Hi Chandler. I have not used that charger before, but after checking it out online it seems similar to other LiPo chargers. Once you have all the wires properly connected, select the “LiPo Balance Charge” option. Set it to 3S 11.1V and set the charge current to around 1-2C…in your case that would be 2.2 – 4.4 A. Once started the charging should be automatic, and should cutoff by itself once each cell is balanced at 4.2V. For putting in storage mode, just use that option…”LiPo Storage Mode”, and it will discharge until all cells read 3.8V. When discharging manually, never go below 3.2V per cell or you could damage the pack. Hope this info helps, good luck!

  • July 23, 2020 at 10:40 pm

    Hi Rob, I have a couple of LiPo batteries which I bought around a year ago, and have never used. Or ever connected to a charger. Is there any chance they are still usable? How can I test them? GeoffD

    • July 26, 2020 at 12:56 am

      Hi Geoff, yes…there is a chance! Usually LiPos are shipped in storage mode (about 3.8v per cell). Hopefully this was the case with yours. If you have a balance charger that will display voltage, check the voltage of each cell. If they are all at ~3.8v (plus or minus a few hundred millivolts) then I would balance charge and give them a shot, you never know! But if the packs are puffed at all, or the cells are way out of balance, it may be a bit risky to try if you’re not comfortable with it. Hope this helps & good luck!

  • June 7, 2020 at 11:43 pm

    Hello. Using a battery charger that allows for external temp sensors and a cutoff at a specific temp, what should that temp be set at? Thanks

    • June 12, 2020 at 12:32 am

      Hey Mike, thanks for checking out the site! To be safe I wouldn’t go much higher than ~40 C. In my day job I’ve worked with hybrid vehicle control systems and around 40 C was the battery pack temp where we started to take mitigation actions (limiting charge and discharge rates). Take care.

  • May 17, 2020 at 10:11 pm

    Hello, I have a 5000mah 3S,25c, 50burst 2c Traxxas battery and I’m using the Traxxas EZ-peak plus charger, AKA the ID. charger. I’m trying to be gentle to these batterys and I’m charging them on balance mode and on the 1A setting. Is that the best setting to put it on to charge it? When can you use FAST charge mode on this charger and what amp should I set it on when using fast charge mode? Thank you for your help and God bless.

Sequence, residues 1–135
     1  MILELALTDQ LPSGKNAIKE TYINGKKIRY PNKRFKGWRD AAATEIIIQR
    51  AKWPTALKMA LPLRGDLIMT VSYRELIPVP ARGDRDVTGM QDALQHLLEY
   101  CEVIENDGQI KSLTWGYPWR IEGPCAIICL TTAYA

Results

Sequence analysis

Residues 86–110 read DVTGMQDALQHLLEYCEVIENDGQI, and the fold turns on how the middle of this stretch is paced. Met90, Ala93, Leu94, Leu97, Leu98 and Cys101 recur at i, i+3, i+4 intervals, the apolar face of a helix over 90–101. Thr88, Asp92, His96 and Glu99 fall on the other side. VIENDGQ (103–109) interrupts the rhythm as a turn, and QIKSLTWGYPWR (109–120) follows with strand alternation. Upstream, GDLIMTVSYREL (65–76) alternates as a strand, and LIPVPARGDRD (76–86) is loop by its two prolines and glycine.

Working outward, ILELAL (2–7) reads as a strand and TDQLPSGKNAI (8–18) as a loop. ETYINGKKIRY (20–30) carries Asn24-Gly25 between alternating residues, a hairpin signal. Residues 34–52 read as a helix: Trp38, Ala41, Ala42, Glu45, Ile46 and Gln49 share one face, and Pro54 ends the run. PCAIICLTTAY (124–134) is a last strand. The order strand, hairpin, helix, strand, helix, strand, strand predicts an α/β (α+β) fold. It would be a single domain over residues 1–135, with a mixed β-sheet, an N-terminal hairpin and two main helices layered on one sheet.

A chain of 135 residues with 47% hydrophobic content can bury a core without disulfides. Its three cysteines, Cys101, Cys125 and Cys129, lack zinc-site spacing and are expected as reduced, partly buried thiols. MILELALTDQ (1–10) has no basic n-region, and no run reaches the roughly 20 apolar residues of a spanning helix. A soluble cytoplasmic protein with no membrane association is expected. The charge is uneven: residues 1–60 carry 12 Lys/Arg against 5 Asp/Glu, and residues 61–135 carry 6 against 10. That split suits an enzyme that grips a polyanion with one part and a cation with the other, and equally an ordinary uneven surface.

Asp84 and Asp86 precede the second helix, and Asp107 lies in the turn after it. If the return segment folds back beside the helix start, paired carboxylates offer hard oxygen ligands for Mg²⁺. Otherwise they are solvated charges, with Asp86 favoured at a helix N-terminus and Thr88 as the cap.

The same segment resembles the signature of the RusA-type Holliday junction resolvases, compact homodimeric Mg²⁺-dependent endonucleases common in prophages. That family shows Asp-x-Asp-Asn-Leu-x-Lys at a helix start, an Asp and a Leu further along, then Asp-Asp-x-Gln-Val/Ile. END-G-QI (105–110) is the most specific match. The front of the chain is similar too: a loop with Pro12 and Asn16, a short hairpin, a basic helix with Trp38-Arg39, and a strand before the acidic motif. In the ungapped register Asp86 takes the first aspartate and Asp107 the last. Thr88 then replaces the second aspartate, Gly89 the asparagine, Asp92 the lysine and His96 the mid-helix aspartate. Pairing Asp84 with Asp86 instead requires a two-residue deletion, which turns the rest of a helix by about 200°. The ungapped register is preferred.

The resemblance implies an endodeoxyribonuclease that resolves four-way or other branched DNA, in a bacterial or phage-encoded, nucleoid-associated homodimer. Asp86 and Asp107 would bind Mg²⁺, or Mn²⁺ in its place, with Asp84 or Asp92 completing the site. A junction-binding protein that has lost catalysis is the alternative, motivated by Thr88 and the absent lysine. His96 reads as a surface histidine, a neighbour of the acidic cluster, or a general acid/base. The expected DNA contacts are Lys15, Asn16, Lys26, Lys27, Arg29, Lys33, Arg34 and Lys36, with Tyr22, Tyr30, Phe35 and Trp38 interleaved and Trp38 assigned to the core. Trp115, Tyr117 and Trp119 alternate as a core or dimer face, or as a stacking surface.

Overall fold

• May 18, 2020 at 3:01 am

      Hi Aaron, thanks for visiting the RC Drone Hub. If you are trying to be gentle with your batteries, then balance charging is definitely the way to go. Fast charging will charge the pack using only the first of 3 phases that are applied with the balance charge setting. Balance charging will give the pack a more complete charge and will extend the like of the pack too. It’s always good to charge at 1-2 C. So, for your 5000 mah pack that would be 5 – 10 amps (1 C = 5A would be safest). Hope this helps!

  • January 19, 2017 at 11:21 pm

    That was a great post on a very worthy topic. I agree batteries can get very unstable and accidents ensue. I don’ personally own a drone or are in need of that type of battery but anything that small carrying that much oomph(power) has to be dealt with responsibly. Thank you fro sharing and the education.

    • January 20, 2017 at 12:22 pm

      You are absolutely right Brent. As with anything that is powerful, it must be treated with respect and care. It always the times when you tell yourself “what could go wrong”, skip steps, or are careless that disaster strikes – when you least expect it. I know it’s a cliche, but it’s better to be safe than sorry. RC Drones are cool and all but they’re not worth setting something on fire due to improper handling of the lipo battery!